Immigration - why they came to South Australia
Why they came
In 1834 the South Australian Colonization Act was passed, leading to the colonization of land that is now the state of South Australia. The Act strove to establish a colony that was the ideal embodiment of the best qualities of British society. This meant no religious discrimination, unemployment or convicts. South Australia was to be a utopia for free settlers only.
To finance this lofty ideal, large areas of land were offered at a fixed, but reasonable price, to the wealthy as an investment or to companies wishing to establish themselves in the new colony. The money paid for the transport of labourers who would work the land. These immigrants from England, Wales and Ireland were chosen for their skills and trades, as well as being "honest, sober, industrious and of general good character".
Immigrants who worked hard could eventually earn enough money to own land or establish their own businesses. This promise of better opportunities, particularly for the working classes, was very attractive and led to a rush of applications for free passage to the new colony.
By 1835, enough land had been sold to finance immigration to the colony. Between January 1836 and December 1840, over 9,000 applications had been received and, by December 1840, almost 5,000 immigrant labourers had arrived in South Australia.
Not all of South Australia's early immigrants were British or Irish or arrived under the free immigration schemes. Many either paid for or worked their passage to start a new life in South Australia. A large group of early settlers came from the Kingdom of Prussia fleeing religious persecution.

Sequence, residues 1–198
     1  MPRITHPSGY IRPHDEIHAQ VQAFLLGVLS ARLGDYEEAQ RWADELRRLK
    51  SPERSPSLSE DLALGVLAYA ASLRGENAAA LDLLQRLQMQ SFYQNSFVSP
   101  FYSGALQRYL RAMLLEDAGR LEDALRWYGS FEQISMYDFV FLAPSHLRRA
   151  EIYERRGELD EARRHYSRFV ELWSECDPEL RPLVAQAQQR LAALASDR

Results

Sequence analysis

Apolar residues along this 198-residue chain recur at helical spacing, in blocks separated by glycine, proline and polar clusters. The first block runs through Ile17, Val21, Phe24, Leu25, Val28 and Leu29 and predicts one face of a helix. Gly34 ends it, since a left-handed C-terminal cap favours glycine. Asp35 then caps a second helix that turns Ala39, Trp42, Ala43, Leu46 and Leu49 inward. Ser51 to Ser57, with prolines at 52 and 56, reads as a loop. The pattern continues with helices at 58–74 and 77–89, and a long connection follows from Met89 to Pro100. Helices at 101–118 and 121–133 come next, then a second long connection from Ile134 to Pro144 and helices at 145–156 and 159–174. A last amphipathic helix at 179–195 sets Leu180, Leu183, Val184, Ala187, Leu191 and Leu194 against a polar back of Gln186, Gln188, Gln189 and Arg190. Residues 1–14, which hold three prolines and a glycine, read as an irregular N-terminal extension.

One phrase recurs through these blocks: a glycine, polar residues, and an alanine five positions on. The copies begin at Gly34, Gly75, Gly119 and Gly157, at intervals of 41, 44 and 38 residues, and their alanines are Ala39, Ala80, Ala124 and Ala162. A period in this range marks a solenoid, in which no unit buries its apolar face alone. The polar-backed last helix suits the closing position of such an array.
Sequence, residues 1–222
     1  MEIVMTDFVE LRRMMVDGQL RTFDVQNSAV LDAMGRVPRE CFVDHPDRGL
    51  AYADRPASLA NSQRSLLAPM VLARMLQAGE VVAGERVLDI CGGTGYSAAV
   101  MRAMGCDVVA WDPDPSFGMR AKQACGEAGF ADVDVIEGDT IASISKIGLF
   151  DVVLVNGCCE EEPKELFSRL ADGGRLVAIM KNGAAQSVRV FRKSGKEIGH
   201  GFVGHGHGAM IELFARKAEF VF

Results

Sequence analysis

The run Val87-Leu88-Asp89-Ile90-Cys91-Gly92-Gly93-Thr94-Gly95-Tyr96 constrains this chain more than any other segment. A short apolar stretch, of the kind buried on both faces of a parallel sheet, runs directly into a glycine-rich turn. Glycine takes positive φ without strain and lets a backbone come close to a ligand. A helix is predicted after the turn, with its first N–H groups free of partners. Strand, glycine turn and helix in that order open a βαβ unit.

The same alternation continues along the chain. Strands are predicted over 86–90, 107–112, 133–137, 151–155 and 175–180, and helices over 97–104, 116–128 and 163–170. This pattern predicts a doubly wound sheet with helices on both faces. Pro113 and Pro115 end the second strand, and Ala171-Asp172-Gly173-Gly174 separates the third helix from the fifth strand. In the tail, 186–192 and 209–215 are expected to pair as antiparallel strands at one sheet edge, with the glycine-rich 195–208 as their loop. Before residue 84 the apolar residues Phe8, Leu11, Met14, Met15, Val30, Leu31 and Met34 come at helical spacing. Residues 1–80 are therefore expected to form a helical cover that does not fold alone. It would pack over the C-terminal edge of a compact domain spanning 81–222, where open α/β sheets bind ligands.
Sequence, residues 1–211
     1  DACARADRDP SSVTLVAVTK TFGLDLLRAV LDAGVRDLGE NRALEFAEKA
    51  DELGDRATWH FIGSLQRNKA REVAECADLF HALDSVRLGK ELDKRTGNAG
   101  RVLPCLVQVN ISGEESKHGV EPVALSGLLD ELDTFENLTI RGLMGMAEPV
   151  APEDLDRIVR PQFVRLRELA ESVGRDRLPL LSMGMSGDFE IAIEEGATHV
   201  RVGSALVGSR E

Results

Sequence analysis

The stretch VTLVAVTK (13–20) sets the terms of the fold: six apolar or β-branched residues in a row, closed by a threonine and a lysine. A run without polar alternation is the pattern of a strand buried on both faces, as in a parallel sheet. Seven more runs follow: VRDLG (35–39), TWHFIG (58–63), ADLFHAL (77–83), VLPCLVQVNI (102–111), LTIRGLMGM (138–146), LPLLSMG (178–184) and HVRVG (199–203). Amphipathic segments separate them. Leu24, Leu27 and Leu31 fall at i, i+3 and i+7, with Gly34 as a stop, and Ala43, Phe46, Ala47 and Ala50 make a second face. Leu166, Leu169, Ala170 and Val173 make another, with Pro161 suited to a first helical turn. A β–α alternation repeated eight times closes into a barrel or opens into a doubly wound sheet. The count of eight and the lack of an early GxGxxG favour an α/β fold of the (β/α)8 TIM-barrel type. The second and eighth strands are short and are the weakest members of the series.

Since the early days of the colony, thousands of immigrants from a variety of different locations have arrived on our shores seeking fresh opportunities for themselves and their families. These brave men and women who sought new lives across the sea helped to determine the character of South Australia today.
Records of Immigration
Searching for your family in the immigration records can be quite challenging.
For more effective searches, try to determine basic information before you start such as
- the name of the individual
- their approximate date of arrival - for example: during the 1920s or between 1836 and 1840
- which colony they arrived in
As well as passenger lists that are indexed by passenger name, be prepared to consult passenger listings printed in newspapers, diaries written on the voyage, government records, church records, crew desertion lists or even obituaries that may list the name of your ancestor's ship.
You can search in the catalogue for photographs of your family or the ship they arrived in. However, if they arrived in the 1800s, a painting of the ship is more likely.
You can do a Keyword search using your family's name or the name of the ship. For example "Stevens family" or "buffalo ship".